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- #1

- Thread starter Markov
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- #1

- Jan 26, 2012

- 236

You can check that $e^{\pi i/4} = \frac{\sqrt{2}}{2} + i \frac{\sqrt{2}}{2}$ and $e^{-\pi i/4} = \frac{\sqrt{2}}{2} - i \frac{\sqrt{2}}{2}$.Solve ${{\left( \dfrac{1+i}{\sqrt{2}} \right)}^{x}}+{{\left( \dfrac{1-i}{\sqrt{2}} \right)}^{x}}=\sqrt{2}.$

Is there a faster way to solve this?

Therefore, the equation becomes,

$$ e^{ \pi i x/4} + e^{-\pi i x/4} = \sqrt{2} \implies \cos \left( \frac{\pi i x}{4} \right) = \frac{\sqrt{2}}{2} $$

Do you see how we got that?

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- #3

- Jan 26, 2012

- 236

Careful, those are not all of the solutions? Because $\cos -\frac{\pi}{4} = \frac{\sqrt{2}}{2}$ also!Oh yes, you just used Euler's formula, so the solutions are $\dfrac{\pi }{4}ix = \dfrac{\pi }{4} \pm 2k\pi ,{\text{ }}k \in \mathbb{Z}$ and $\dfrac{\pi }{4}ix = \dfrac{{7\pi }}{4} \pm 2k\pi ,{\text{ }}k \in \mathbb{Z},$ are those correct?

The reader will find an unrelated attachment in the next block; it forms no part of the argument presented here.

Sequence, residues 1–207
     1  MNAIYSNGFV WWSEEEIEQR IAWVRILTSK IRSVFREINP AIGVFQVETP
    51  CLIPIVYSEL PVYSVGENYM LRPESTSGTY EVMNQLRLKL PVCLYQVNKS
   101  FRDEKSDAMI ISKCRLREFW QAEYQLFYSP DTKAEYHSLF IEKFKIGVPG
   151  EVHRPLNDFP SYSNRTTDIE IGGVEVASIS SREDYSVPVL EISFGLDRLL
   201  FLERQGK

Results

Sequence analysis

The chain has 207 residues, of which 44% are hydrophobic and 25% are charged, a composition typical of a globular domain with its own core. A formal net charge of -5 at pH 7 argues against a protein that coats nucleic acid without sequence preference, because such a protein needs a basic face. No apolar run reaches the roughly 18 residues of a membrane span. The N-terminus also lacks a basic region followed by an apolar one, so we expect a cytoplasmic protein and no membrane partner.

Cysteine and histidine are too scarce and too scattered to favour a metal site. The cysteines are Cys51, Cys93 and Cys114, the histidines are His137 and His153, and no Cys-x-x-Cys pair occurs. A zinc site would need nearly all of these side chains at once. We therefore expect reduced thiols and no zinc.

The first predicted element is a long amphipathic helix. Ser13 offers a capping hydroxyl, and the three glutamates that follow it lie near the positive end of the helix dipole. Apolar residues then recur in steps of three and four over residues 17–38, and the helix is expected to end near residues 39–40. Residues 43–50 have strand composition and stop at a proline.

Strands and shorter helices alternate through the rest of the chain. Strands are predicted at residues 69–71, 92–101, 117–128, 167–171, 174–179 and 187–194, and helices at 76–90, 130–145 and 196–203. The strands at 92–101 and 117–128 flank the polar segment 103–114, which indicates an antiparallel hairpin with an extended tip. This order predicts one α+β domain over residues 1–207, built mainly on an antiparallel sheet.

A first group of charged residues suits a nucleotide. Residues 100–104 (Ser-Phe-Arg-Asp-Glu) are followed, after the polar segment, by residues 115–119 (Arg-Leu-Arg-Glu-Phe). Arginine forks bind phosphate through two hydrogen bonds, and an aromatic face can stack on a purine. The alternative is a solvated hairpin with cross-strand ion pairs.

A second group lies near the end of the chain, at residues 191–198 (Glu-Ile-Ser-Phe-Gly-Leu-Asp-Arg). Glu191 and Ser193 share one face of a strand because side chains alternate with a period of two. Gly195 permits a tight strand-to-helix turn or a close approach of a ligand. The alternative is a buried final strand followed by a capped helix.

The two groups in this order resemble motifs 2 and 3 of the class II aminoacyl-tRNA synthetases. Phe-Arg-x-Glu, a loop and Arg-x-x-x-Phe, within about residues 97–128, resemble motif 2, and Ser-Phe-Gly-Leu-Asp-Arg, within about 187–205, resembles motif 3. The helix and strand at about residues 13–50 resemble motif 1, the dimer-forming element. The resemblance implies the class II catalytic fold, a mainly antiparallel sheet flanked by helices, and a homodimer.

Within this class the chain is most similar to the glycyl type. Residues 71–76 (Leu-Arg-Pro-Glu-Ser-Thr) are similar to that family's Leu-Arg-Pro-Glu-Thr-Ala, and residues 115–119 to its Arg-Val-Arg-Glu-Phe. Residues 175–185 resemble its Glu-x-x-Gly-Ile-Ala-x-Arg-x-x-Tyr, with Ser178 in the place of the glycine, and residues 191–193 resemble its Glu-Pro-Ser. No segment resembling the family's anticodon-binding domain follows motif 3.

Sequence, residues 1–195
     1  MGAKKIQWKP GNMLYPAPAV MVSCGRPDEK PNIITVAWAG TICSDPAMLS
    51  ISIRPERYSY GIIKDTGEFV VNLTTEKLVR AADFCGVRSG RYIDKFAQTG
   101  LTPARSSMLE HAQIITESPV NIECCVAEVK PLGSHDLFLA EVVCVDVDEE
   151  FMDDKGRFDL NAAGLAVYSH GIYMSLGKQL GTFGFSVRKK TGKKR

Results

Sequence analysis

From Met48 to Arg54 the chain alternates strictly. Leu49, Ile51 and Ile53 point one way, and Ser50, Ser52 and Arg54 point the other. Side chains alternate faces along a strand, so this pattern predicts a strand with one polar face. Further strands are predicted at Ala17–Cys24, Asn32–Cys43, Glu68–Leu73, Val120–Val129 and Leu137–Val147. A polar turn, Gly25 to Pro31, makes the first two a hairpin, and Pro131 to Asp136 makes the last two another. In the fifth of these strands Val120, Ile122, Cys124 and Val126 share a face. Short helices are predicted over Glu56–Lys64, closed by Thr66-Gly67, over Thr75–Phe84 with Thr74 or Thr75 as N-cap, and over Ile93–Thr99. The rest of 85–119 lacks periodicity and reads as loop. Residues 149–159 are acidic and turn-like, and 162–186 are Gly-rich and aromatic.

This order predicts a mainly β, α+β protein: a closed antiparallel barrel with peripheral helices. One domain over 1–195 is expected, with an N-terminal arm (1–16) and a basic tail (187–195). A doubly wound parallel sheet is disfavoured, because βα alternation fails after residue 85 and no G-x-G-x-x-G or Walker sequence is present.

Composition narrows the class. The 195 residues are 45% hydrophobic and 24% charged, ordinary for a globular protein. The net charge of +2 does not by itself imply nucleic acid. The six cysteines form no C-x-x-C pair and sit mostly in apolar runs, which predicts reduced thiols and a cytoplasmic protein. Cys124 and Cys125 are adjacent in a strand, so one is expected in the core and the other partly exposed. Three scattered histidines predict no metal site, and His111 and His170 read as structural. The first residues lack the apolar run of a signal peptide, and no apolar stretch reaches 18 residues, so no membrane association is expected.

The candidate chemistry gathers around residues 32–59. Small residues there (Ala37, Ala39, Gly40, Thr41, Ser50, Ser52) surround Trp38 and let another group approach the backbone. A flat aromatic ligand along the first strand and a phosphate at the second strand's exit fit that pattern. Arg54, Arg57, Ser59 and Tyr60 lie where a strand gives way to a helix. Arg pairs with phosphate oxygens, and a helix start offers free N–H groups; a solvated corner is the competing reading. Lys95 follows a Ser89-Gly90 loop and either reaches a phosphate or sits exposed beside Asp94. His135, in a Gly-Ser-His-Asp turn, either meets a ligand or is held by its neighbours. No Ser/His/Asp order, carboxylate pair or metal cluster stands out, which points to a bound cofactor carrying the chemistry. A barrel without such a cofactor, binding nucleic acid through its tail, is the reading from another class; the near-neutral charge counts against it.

Thanks for the help!

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- #5

I am a bit confused by the replies.Solve ${{\left( \dfrac{1+i}{\sqrt{2}} \right)}^{x}}+{{\left( \dfrac{1-i}{\sqrt{2}} \right)}^{x}}=\sqrt{2}.$

It clear that $x=\pm 1$ are solutions.

Was $x$ suppose to be complex also?

Moreover $\exp(i\theta)+\exp(-i\theta)=2\cos(\theta)$ not $2\cos(i\theta)$.

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- #7

Then might look at $x=\pm 7,~\pm 9,~\pm 23,~\pm 25,\cdots$.No, $x$ is supposed to be real, thanks for the catch Plato!

What is going on?

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